The hues in your crayon box aren’t just good for filling in coloring books. Researchers have long found that people often have physical reactions to certain shades. Blue, for instance, is said to suppress appetites. Conversely, red stimulates hunger—so it may not be a coincidence that you’ll find the bold color in logos for Pizza Hut, Wendy’s, Dairy Queen, Arby’s, and KFC. Orange is supposedly an energy booster, while purple is thought to encourage sleep.
And then there’s Baker-Miller Pink. Also known as Schauss Pink, this color is probably what you think of when someone mentions Pepto-Bismol. Named after the two U.S. Naval Officers who experimented with the psychological effects of the color, the shade was made by mixing one pint of outdoor semi-gloss red paint with one gallon of pure white indoor latex paint. The officers then used it to coat the walls of a cell at a Naval Correctional facility. The results, they said, were impressive: Just 15 minutes of exposure reduced the potential for violent and aggressive behavior.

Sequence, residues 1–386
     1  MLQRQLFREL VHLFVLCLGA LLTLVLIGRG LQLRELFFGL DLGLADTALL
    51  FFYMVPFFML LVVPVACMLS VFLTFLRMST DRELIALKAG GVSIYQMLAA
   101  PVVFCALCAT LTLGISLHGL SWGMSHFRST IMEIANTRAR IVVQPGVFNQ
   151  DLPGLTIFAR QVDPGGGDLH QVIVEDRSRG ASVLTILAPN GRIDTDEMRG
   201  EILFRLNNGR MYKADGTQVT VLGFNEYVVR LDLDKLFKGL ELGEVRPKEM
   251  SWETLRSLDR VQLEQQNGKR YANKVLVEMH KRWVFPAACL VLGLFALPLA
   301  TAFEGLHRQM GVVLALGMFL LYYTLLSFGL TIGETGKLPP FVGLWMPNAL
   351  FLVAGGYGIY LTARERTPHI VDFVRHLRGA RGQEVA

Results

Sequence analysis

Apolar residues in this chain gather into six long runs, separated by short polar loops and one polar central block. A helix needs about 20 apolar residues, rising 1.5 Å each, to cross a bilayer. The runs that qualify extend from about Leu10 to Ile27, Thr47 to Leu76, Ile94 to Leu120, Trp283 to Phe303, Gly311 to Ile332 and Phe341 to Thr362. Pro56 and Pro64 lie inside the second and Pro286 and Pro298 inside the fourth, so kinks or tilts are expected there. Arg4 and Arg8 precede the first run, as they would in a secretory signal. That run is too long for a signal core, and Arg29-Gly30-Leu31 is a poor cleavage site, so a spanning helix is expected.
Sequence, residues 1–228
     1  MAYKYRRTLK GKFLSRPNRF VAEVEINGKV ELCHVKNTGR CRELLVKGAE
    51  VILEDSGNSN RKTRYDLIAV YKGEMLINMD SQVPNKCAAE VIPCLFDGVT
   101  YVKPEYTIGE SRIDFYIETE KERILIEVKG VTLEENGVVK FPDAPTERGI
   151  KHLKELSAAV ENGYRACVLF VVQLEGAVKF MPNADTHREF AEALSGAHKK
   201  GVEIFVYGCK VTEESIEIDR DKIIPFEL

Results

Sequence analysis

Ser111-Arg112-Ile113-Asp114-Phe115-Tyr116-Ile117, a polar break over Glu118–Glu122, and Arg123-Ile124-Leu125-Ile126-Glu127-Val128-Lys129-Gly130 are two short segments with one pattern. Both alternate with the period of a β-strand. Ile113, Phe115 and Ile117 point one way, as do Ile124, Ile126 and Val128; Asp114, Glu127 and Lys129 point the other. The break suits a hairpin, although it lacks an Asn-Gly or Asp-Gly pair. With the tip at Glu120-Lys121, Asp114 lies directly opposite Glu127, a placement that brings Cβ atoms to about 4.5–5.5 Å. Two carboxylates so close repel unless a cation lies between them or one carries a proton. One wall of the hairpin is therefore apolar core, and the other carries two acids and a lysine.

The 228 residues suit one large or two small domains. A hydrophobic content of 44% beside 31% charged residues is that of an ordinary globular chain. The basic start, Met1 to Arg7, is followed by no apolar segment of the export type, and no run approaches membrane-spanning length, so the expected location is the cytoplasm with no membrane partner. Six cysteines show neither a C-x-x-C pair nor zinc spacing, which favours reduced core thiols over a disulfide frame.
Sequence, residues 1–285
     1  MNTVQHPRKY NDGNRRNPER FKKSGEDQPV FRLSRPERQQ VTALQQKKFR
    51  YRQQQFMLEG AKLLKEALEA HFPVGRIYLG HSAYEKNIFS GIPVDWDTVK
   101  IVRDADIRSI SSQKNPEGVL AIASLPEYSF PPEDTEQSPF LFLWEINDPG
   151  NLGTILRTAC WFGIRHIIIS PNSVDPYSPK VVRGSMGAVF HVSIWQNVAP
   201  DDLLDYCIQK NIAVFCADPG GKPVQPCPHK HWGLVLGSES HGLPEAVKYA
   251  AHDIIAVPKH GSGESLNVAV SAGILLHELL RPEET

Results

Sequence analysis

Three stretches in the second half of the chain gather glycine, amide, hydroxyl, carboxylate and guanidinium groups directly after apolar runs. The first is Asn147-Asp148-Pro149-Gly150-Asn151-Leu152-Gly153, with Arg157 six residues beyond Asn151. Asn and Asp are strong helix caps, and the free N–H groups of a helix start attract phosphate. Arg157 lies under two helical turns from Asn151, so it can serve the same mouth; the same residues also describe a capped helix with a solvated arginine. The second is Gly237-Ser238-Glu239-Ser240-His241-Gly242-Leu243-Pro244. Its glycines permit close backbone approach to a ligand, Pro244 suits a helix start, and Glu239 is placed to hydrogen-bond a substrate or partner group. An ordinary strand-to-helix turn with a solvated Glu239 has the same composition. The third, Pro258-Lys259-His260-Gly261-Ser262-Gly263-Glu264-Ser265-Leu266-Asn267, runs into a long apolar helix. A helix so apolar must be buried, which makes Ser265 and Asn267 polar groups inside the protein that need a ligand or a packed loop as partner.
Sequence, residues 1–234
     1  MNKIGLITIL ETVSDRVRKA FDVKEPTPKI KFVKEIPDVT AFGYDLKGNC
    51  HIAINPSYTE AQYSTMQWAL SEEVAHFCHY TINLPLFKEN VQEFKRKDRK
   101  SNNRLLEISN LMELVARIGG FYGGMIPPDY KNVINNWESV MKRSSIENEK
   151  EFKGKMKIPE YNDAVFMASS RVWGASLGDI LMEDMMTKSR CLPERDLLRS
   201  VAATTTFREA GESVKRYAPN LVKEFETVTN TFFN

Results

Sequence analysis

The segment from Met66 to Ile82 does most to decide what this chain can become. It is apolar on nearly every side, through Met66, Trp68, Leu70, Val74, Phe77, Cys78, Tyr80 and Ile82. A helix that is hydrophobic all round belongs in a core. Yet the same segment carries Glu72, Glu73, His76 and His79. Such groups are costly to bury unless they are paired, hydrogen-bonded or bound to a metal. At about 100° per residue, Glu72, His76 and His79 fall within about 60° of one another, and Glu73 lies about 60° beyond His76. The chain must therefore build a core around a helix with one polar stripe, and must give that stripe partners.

With results like that, even football teams got in on the act. University of Iowa football coach Hayden Fry notoriously had the opposing team’s locker room painted this shade back in 1979. Fry’s motives weren’t entirely to “calm” the opponent, however—he noted in his autobiography that pink is “often found in girls’ bedrooms, and because of that some consider it a sissy color.”
The University of Iowa football program isn’t the only organization to give Drunk Tank Pink a try. The city of St. Louis, Illinois, painted their public buses pink and saw a dramatic decrease in vandalism and assaults. The Washington State Penitentiary tried the Naval Correctional facility’s tactic, putting violent inmates in pink rooms to reduce aggression.
And hey, if it works in prisons and correctional facilities, it may work for you. The next time you need to calm down or de-stress, try thinking pink.